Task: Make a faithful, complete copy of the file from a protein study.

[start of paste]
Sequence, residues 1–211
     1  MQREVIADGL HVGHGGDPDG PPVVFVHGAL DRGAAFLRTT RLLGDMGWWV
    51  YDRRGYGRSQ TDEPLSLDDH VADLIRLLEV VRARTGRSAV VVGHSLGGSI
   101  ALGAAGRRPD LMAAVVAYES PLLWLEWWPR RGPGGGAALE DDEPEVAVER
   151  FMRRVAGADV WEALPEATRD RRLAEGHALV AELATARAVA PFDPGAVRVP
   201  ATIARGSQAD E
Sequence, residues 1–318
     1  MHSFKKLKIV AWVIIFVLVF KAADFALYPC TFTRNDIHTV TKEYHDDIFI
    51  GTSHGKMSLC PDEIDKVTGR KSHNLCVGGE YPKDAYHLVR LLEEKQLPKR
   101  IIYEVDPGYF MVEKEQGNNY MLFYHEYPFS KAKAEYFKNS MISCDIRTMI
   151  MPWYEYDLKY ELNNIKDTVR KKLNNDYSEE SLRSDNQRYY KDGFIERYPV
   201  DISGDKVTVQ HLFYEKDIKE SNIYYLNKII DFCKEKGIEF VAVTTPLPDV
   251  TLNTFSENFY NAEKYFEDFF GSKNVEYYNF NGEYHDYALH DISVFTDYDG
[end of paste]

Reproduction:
Sequence, residues 1–211
     1  MQREVIADGL HVGHGGDPDG PPVVFVHGAL DRGAAFLRTT RLLGDMGWWV
    51  YDRRGYGRSQ TDEPLSLDDH VADLIRLLEV VRARTGRSAV VVGHSLGGSI
   101  ALGAAGRRPD LMAAVVAYES PLLWLEWWPR RGPGGGAALE DDEPEVAVER
   151  FMRRVAGADV WEALPEATRD RRLAEGHALV AELATARAVA PFDPGAVRVP
   201  ATIARGSQAD E
Sequence, residues 1–318
     1  MHSFKKLKIV AWVIIFVLVF KAADFALYPC TFTRNDIHTV TKEYHDDIFI
    51  GTSHGKMSLC PDEIDKVTGR KSHNLCVGGE YPKDAYHLVR LLEEKQLPKR
   101  IIYEVDPGYF MVEKEQGNNY MLFYHEYPFS KAKAEYFKNS MISCDIRTMI
   151  MPWYEYDLKY ELNNIKDTVR KKLNNDYSEE SLRSDNQRYY KDGFIERYPV
   201  DISGDKVTVQ HLFYEKDIKE SNIYYLNKII DFCKEKGIEF VAVTTPLPDV
   251  TLNTFSENFY NAEKYFEDFF GSKNVEYYNF NGEYHDYALH DISVFTDYDG